Indeed, proposition of the PLA’s concepts of war-fighting in what it terms as the “New Period” is well tuned towards conduct of IJW. It is indicative of the rich strategic wisdom of China. It may, therefore, be in order to briefly mention certain important prospects of such a preposition – the connection with IJW is quite obvious :-
Stage 1. A confrontation may begin with “Domination, Deterrence and Posturing” with missile forces, SOF actions, military buildup and politico-economic impositions. The purpose would be to make the adversary see ‘reason’ and back out from military confrontation.
Stage 2. The next step could be “Gaining Initiative by Striking First” by means of pre-emptive missile strikes and long range air and naval attacks. Such recourses are to be sustained with surprise, deception and asymmetric initiatives. Besides, what is termed as ‘SOF Action’ – that actually implies trailer-like pre-emptive attack of limited scope, but hurtful nevertheless – will form part of this scheme. The purpose at this stage would be to give to the adversary a taste of the ‘medicine’ and motivate him to come to terms – China’s terms, of course.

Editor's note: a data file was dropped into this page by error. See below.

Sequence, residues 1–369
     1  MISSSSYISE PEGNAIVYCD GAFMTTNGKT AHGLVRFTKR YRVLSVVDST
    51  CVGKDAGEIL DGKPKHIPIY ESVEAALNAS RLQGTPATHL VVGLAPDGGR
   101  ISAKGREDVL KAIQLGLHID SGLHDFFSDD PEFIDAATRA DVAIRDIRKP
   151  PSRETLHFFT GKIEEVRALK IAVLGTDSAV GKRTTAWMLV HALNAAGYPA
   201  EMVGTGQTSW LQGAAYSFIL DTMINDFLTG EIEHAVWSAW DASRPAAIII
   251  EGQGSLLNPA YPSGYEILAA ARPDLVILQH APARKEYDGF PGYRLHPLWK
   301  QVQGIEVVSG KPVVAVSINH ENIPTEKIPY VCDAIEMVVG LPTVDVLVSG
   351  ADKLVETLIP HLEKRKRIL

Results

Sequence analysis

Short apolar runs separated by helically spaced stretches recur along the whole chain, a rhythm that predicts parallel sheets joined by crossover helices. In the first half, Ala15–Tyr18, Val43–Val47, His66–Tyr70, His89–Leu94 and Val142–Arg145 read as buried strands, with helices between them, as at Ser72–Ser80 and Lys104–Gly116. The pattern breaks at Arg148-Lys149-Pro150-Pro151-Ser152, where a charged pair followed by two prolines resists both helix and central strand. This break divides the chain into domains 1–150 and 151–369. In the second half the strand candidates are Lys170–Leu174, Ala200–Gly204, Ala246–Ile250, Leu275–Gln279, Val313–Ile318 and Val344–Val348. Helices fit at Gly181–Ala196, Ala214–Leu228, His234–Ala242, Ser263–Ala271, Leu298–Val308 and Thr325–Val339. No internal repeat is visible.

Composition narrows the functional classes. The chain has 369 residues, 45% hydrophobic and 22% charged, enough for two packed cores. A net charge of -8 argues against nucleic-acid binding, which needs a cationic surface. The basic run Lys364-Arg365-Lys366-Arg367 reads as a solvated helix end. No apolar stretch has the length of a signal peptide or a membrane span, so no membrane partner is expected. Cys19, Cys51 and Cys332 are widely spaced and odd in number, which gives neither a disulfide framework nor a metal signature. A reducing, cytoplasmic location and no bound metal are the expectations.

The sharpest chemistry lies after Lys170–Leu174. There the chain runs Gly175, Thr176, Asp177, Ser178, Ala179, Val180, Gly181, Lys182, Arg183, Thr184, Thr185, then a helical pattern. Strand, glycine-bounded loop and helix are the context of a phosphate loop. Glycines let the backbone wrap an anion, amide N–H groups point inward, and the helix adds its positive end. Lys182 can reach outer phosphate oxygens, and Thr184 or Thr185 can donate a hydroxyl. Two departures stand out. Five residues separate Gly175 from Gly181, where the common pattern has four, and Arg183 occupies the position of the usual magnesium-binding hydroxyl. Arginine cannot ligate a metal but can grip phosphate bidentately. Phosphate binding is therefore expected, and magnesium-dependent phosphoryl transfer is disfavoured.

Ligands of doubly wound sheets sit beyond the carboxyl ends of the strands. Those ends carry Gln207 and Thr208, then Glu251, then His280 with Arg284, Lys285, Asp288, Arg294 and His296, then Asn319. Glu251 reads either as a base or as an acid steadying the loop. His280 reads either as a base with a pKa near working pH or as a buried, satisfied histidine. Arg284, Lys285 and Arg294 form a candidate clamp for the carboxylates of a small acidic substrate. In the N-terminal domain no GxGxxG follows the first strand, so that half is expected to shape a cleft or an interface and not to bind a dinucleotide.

Stage 3. At this stage, a still defiant adversary would be subjected to the next step in the escalatory ladder by fighting a “Quick Battle to Force a Quick Resolution”. Rapid concentration of POE forces would be achieved by ‘Exterior (intra-MR) or Leap Forward (inter-MR) Mobility’ in ground, air or sea modes and deployment of RRFs to overwhelm the adversary’s frontline forces.
Stage 4. In case favourable resolution of the conflict is still not forthcoming, “In-depth Strike” would follow in near-simultaneity with Stage 3, wherein gains made by the preceding echelons would be consolidated and expanded by regular ground, air or sea formations, by recourse to the concept of ‘Active Defence’ and ‘Localised War’ till the desired point of culmination is reached.